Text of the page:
Prevalence of anti- Toxoplasma gondii antibodies in Turkish blood donors

Department of Parasitology, Erciyes University, Medical Faculty, Kayseri-Turkey.
Ethiopian medical journal 08/2006; 44(3):257-61.
Source: PubMed


Toxoplasmosis is caused by an obligate intracellular protozoan parasite, Toxoplasma gondii. Most of these infections are asymptomatic or benign, but may cause severe or fatal consequences in immunodeficient patients, transplant recipients, and in the fetus. Transmission may occur by eating uncooked meat, contaminated vegetables, blood transfusion, organ transplantation, and across the placenta from the mother to the fetus. IgG antibodies to T. gondii may persist in the serum at high titers for years. In the present study, our aim was to determine prevalence of anti- T. gondii IgG and IgM antibodies in Turkish blood donors.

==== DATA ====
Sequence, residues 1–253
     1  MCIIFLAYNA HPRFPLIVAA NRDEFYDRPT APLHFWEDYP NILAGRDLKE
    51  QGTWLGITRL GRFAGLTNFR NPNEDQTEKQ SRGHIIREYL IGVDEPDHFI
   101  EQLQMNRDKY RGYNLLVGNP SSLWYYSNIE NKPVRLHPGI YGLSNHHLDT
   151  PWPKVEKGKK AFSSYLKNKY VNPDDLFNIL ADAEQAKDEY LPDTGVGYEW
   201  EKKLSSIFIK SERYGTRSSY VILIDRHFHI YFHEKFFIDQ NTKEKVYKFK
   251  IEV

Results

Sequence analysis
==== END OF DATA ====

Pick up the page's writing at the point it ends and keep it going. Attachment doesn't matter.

A total samples from 385 healthy blood donors from Kayseri, Turkey were examined for anti- T. gondii antibodies by indirect fluorescent antibody test (IFAT) and enzyme-linked immunosorbent assay (ELISA).
The seroprevalence of the anti- T. gondii IgG and IgM antibodies was 19.5%, 2.33% respectively by IFAT and 20.25%, 2.33% by ELISA.
It is suggested that all blood donors should be screened for toxoplasmosis before transfusion

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    • "symptoms such as encephalitis are only evident during immune suppression (Pusch et al. 2009). The infection in humans can be acquired by ingesting of tissue cysts in raw or undercooked infected meat; ingesting of food or water contaminated with sporulated oocysts shed in the feces of an infected cat, blood transfusion, organ transplantation and congenitally, across the placenta from the mother to the fetus (Yazar et al. 2006). Once inside the host, T. gondii tachyzoites, a form of the parasite with high levels of metabolic activity, cross the placental or intestinal epithelium using paracellular transmigration and enter circulating cells such as macrophages and dendritic cells. "
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